The Ottomans were finally able to shift their fleet to Marsamxett, but the cost in manpower, officers, and time had been far higher than they’d imagined. The decision not to take Mdina first had also taken a heavy toll, as the Knights’ cavalry stationed there had made full use of the time and opportunity to raid the stretched-out supply lines between Xiberras and Marsaxlokk.


The final overrun of Fort St. Elmo.


The sieges of Birgu and Senglea

With their fleet in Marsamxett at last, it became easy and safe for the Ottomans to supply their guns on Xiberras, and the march between Marsamxett and the Grand harbour was far shorter than the march from Marsaxlokk.


They now turned their attention to the remaining strongholds of the Knights in the harbour: Birgu and Senglea. These had been under fire for just as long as St Elmo (especially Fort St Angelo, at the tip of the Birgu peninsula), but now the guns previously used against St Elmo could be repositioned to intensify the bombardment.


Double attack on Senglea

The first major action of the siege was a daring simultaneous attack on Senglea by land and sea on the 15th of July, 3 weeks after the fall of St. Elmo. Looking at the map, you may be wondering how on earth the Ottomans would be able to attack Senglea by sea: they’d have to sail right past St. Angelo, a heavily-armed fortress designed specifically to destroy fleets trying to do so.


In preparation for the attack, Mustafa had had 100 small boats ferried on land over the Xiberras peninsula from Marsamxett, and put back to sea at the southwest corner of the Grand Harbour. In these he loaded up approximately 1000 Janissaries, whose task would be to land on the relatively weakly protected seaward side of Senglea and storm the peninsula from the rear. Meanwhile, the forces of the Corsairs would assault the landward defenses, to divide the defenders and prevent them from responding properly to both threats.


As had already happened a few times in the siege, the Ottomans’ plan was spoiled by a defector, giving the Knights enough time to build a palisade along the Senglea peninsula to help deny landing sites to the Janissaries.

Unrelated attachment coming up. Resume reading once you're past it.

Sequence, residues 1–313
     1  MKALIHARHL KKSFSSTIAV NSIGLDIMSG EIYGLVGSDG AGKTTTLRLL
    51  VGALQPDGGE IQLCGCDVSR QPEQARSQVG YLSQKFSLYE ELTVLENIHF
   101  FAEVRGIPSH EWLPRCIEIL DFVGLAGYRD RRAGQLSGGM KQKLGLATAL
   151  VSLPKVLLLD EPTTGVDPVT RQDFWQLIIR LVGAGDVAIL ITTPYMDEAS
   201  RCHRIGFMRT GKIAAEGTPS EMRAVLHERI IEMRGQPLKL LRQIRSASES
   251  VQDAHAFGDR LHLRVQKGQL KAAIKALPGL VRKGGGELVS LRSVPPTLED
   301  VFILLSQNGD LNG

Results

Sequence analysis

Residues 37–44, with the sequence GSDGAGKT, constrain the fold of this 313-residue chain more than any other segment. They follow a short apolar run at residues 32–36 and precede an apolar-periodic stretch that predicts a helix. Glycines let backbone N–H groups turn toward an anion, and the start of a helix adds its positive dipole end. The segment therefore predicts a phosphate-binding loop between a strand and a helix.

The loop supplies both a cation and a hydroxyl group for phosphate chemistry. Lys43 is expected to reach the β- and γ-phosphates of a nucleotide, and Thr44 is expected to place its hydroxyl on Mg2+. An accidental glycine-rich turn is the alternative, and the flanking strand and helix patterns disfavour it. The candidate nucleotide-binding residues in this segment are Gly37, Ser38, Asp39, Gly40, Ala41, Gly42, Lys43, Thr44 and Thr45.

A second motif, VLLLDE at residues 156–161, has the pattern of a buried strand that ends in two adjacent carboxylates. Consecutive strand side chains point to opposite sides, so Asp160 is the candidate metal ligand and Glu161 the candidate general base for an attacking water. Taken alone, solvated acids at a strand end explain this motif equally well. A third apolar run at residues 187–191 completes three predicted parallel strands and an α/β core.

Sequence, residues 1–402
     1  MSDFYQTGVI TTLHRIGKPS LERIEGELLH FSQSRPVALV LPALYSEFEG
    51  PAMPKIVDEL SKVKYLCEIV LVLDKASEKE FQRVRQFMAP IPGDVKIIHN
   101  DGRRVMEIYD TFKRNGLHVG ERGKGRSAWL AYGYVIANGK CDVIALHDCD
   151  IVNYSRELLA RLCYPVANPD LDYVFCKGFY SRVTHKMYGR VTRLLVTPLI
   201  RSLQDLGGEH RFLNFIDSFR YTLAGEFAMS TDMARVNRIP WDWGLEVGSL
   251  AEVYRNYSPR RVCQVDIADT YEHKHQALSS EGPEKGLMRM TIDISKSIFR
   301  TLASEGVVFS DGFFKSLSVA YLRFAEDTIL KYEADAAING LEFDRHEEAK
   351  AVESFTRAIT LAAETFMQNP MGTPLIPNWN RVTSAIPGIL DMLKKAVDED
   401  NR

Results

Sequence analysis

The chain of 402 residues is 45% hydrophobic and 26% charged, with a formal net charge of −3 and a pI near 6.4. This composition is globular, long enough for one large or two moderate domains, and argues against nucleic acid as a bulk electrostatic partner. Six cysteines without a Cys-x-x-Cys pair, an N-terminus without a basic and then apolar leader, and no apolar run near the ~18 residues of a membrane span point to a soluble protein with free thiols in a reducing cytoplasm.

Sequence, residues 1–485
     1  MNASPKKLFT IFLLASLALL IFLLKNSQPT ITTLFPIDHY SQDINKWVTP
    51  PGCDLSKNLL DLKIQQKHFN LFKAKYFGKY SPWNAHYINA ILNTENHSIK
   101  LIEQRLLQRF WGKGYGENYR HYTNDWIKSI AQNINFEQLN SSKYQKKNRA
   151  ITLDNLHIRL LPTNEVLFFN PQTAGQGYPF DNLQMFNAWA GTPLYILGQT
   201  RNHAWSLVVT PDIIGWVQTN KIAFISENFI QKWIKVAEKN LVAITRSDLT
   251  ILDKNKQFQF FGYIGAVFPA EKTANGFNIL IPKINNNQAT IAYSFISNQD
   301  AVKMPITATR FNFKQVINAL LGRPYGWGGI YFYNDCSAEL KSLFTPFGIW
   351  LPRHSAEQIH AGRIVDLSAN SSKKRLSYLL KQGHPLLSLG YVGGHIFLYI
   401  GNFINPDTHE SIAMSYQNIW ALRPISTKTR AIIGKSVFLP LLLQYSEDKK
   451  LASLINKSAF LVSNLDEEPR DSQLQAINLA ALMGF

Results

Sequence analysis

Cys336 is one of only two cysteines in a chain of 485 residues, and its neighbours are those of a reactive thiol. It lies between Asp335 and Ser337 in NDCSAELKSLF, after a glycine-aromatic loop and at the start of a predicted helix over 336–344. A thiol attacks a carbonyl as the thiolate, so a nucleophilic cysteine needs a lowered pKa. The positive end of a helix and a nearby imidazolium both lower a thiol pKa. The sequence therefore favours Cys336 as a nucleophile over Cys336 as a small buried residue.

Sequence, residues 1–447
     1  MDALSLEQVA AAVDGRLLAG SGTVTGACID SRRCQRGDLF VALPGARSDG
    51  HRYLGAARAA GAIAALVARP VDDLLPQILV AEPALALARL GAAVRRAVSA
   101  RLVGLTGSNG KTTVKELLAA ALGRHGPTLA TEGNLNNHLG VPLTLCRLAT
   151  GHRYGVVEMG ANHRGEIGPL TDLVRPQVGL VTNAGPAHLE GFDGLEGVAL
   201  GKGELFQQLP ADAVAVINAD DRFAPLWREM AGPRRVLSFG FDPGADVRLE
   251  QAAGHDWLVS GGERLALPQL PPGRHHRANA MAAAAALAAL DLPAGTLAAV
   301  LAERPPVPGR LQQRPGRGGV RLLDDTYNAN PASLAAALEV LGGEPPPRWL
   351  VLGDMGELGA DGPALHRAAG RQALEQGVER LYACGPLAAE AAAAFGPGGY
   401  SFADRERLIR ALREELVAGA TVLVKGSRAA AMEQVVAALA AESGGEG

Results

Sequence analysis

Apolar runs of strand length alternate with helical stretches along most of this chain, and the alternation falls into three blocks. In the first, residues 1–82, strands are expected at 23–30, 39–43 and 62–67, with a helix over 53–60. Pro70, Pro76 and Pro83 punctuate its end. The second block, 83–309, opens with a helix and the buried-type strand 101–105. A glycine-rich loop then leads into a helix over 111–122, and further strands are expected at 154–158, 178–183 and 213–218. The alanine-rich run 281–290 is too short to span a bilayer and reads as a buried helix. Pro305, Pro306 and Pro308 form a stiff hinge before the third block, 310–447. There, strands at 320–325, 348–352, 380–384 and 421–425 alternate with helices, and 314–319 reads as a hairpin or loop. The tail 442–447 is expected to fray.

What really ruined the attack though was that the flotilla had to pass by a newly constructed (and previously unknown to the Ottomans) 5-cannon battery at the foot of the walls of St. Angelo, built with the specific intention of stopping the exact kind of naval assault that the Ottomans were attempting.


The battery inflicted catastrophic losses on the seaborne force well before it could attempt a landing. Not only did it fail to seize Senglea, but the defenders didn’t even need to commit men to fight it off. In addition, the defenders had constructed a floating bridge in the protected waters between the two peninsulas, allowing them to rapidly bring reinforcements across from Birgu to help repulse the land assault.


The Ottomans had essentially gambled a third of their remaining elite troops on ending the siege quickly: if they’d managed to storm Senglea, Birgu would be left extremely exposed. However, they lost the gamble, and their Janissaries with it.


The great bombardment

It’s worth pointing out here that the cannons firing at Birgu and Senglea had not let up since the 27th of May, and that in the intervening time the Turkish artillery had dug in all around the beleaguered defenders, bringing the total number of cannons firing on the defenders to around 65. That’s almost two months of constant cannonfire from all directions, by what at the time would be a nearly unheard-of number of cannons.


This bombardment would continue for the entire remainder of the siege.


Overrun at Birgu

Eventually, the Turkish artillery had more or less destroyed one of the more crucial bastions of the town of Birgu, prompting the Ottomans to attempt another massive assault on the 7th of August (this time without the naval component, having learned their lesson).


They attacked Fort St Michael, at the base of Senglea, and the town of Birgu simultaneously to prevent the defenders from redistributing men from one peninsula to the other.


Fort St Michael held strong against the assault, but couldn’t spare any of its garrison for the defense of Birgu.


At the walls of Birgu, the ruin of the bastion made the defense extremely difficult. The Ottomans, through well-constructed trenches and sheer numbers, were able to force their way to the bastion and force the defenders out of its ruins, effectively breaching the town walls. The defenders were unable to push them back, and despite the efforts of the surviving bastions, Ottoman soldiers were surging into the town.


Birgu was lost. While the Knights could still withdraw to their primary keep of Fort St Angelo, and even independently defend St Michael, Ottoman victory would now be a matter of when, not if.